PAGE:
We request Gov. Michelle Lujan Grisham add a bill on her “call” for the 2022 short session that revises NMSA §72-2-1 to include all other professions, such as scientists, hydrologists, water planners and attorneys. Let’s find the best person for the job, because it is indeed a challenging one.

Denise Fort is a professor emerita at the University of New Mexico School of Law and former director of UNM’s Water Resources Program. Sally Rodgers served as natural resources and energy adviser to Gov. Toney Anaya, environmental ombudsman to Gov. Bill Richardson and founded Conservation Voters New Mexico.


The announcement of these views from Mr. Verhines & Dr. Thomson are a sucker-punch to students who are passionate about water but who are not engineers, and thought we had our faculty’s support.

The WRP has been a special place for those of us who fall in the above demographic. It’s tough to realize that its new administration doesn’t believe in our capability to make sound decisions as professionals – to realize they believe engineers can “learn” ethics, but others cannot.

The OSE qualification debate is one thing. But it’s disheartening to have it framed so specifically as an ethics issue from Mr. Verhines and Dr. Thomson. It goes against the spirit of the program, feels exclusionary, and makes it harder to justify the $20,000 and three years’ worth of 60-hour work weeks I’ve put in to get through the program – now to be told my ethics aren’t worthy of a management position simply because I don’t have this specific license.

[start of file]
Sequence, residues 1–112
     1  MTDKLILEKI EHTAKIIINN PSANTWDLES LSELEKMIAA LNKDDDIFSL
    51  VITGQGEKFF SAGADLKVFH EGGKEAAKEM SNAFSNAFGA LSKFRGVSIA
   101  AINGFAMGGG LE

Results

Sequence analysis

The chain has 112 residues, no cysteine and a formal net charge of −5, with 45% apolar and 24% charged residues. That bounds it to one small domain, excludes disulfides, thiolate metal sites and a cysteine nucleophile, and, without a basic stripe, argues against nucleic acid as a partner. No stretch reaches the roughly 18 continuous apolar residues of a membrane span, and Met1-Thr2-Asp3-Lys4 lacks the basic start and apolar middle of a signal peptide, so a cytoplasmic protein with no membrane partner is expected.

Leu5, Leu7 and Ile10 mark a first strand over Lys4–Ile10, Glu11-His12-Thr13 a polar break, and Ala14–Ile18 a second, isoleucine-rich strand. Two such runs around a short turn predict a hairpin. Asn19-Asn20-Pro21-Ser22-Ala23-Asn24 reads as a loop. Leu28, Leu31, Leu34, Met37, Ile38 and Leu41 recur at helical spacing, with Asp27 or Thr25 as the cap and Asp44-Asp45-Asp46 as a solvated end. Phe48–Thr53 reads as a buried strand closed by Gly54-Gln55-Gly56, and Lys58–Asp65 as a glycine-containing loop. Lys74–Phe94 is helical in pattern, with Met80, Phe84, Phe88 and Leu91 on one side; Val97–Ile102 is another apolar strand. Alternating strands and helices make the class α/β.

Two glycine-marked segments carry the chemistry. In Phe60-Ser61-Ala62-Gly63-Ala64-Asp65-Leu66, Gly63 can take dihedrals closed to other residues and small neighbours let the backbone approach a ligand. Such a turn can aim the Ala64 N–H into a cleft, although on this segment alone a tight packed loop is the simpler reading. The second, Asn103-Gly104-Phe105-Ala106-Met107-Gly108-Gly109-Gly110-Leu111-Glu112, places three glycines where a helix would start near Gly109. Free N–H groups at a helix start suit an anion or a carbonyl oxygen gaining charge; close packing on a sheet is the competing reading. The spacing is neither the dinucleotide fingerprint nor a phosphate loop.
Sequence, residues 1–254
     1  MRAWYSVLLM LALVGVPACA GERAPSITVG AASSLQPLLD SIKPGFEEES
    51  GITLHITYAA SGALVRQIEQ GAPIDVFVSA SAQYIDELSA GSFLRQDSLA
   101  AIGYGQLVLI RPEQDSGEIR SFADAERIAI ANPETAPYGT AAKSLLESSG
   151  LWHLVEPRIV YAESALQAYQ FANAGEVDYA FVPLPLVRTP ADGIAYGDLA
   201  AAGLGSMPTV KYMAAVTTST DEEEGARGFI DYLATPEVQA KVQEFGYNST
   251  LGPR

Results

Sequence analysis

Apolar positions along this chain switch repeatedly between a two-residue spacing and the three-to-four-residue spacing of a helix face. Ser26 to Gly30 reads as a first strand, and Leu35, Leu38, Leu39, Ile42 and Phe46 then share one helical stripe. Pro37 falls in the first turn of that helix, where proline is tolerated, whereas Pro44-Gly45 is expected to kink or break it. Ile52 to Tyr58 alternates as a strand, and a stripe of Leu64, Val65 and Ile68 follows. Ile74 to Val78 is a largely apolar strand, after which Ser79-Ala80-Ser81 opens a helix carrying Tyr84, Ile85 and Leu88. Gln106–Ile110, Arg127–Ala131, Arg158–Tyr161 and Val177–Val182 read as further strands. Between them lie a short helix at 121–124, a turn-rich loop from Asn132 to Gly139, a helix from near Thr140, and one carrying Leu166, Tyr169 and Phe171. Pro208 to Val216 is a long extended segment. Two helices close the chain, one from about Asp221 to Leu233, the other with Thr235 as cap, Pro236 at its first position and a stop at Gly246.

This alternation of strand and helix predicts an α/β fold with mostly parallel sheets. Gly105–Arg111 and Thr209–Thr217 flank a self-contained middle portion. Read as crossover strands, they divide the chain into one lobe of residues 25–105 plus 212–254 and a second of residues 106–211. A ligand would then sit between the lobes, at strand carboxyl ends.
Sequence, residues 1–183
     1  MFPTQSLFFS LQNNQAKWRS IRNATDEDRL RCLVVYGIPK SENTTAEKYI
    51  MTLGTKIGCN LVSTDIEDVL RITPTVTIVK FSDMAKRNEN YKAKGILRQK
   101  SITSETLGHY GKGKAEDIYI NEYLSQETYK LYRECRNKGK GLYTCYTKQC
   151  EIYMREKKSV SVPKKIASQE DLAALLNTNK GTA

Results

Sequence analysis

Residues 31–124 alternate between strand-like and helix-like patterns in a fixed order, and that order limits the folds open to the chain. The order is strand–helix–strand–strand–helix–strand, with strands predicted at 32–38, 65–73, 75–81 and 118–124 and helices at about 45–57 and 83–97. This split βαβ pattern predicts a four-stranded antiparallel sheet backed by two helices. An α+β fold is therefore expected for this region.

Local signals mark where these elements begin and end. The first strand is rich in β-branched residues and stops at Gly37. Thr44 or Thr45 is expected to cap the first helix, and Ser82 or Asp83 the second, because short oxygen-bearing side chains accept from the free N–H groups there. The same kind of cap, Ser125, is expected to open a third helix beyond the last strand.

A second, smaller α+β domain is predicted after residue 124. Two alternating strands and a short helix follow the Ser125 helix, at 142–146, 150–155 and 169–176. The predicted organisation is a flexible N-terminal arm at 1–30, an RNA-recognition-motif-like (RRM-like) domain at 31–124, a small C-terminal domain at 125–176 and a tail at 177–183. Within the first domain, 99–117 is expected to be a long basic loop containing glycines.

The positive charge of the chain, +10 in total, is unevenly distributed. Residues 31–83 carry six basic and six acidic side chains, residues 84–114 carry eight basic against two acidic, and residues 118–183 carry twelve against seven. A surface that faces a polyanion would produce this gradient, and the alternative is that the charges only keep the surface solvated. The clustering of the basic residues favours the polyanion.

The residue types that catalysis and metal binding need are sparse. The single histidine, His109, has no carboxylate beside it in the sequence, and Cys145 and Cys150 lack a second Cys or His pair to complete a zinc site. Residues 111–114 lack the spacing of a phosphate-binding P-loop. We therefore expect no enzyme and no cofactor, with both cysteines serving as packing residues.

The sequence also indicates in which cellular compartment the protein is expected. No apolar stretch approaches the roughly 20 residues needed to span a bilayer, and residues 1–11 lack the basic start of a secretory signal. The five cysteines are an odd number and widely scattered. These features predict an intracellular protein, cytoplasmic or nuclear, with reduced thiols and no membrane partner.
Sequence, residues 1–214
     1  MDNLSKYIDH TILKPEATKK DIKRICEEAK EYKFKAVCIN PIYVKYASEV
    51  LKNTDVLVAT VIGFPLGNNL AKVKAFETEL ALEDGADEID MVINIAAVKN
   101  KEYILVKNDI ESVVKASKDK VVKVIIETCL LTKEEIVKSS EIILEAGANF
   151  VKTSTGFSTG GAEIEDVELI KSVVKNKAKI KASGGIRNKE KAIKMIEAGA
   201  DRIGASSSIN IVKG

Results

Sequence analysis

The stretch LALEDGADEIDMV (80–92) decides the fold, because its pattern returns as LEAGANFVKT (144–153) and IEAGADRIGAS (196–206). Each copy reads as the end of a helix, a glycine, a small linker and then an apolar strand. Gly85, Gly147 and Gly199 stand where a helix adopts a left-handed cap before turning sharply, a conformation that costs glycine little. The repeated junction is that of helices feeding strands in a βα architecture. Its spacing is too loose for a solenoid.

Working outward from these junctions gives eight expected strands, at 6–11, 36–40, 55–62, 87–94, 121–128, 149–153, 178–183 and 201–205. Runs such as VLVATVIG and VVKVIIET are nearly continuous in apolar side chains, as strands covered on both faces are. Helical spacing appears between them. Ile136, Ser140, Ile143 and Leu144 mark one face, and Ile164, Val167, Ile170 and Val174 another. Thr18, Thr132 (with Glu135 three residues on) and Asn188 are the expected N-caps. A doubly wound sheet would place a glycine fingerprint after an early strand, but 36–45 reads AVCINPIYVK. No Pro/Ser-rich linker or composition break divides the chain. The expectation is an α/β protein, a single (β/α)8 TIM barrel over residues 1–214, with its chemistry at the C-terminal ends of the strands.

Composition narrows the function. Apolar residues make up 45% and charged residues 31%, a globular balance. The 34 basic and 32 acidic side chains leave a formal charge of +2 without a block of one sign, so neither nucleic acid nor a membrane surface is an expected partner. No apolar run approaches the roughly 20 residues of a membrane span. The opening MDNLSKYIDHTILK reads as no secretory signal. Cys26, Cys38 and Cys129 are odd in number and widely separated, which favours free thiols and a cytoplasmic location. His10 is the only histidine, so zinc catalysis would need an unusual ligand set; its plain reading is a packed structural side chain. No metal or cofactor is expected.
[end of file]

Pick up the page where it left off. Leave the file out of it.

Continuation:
The WRP is far and away the best education I’ve ever received. I’ve felt strongly about water issues since I was a kid, and grew up struggling to find how I could contribute since I wasn’t aiming to be a lawyer or engineer – this program showed me that how.

I hope it can continue to foster that inclusive and encouraging community I’ve been lucky enough to experience here.

Right now though, I’m discouraged and am unsure how this disconnect between the program’s mission and its new leadership’s ethos can be reconciled.

UNM Water Resources Student